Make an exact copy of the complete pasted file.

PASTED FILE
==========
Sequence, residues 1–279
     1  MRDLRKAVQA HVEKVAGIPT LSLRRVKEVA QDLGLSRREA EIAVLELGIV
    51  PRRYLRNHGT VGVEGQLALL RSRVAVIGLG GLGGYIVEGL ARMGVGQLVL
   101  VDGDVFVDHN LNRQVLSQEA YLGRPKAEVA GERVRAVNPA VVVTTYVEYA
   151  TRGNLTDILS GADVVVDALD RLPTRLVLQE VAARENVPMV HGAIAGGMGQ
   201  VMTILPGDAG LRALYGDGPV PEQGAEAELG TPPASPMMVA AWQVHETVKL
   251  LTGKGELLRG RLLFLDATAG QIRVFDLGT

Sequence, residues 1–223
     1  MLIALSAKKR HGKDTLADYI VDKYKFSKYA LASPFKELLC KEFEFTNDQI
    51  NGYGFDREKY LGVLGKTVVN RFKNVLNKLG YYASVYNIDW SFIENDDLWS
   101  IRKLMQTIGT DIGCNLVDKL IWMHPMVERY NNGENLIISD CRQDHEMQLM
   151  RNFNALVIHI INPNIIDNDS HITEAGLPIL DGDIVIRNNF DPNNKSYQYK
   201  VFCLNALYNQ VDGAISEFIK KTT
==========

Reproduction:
Sequence, residues 1–279
     1  MRDLRKAVQA HVEKVAGIPT LSLRRVKEVA QDLGLSRREA EIAVLELGIV
    51  PRRYLRNHGT VGVEGQLALL RSRVAVIGLG GLGGYIVEGL ARMGVGQLVL
   101  VDGDVFVDHN LNRQVLSQEA YLGRPKAEVA GERVRAVNPA VVVTTYVEYA
   151  TRGNLTDILS GADVVVDALD RLPTRLVLQE VAARENVPMV HGAIAGGMGQ
   201  VMTILPGDAG LRALYGDGPV PEQGAEAELG TPPASPMMVA AWQVHETVKL
   251  LTGKGELLRG RLLFLDATAG QIRVFDLGT

Sequence, residues 1–223
     1  MLIALSAKKR HGKDTLADYI VDKYKFSKYA LASPFKELLC KEFEFTNDQI
    51  NGYGFDREKY LGVLGKTVVN RFKNVLNKLG YYASVYNIDW SFIENDDLWS
   101  IRKLMQTIGT DIGCNLVDKL IWMHPMVERY NNGENLIISD CRQDHEMQLM
   151  RNFNALVIHI INPNIIDNDS HITEAGLPIL DGDIVIRNNF DPNNKSYQYK
   201  VFCLNALYNQ VDGAISEFIK KTT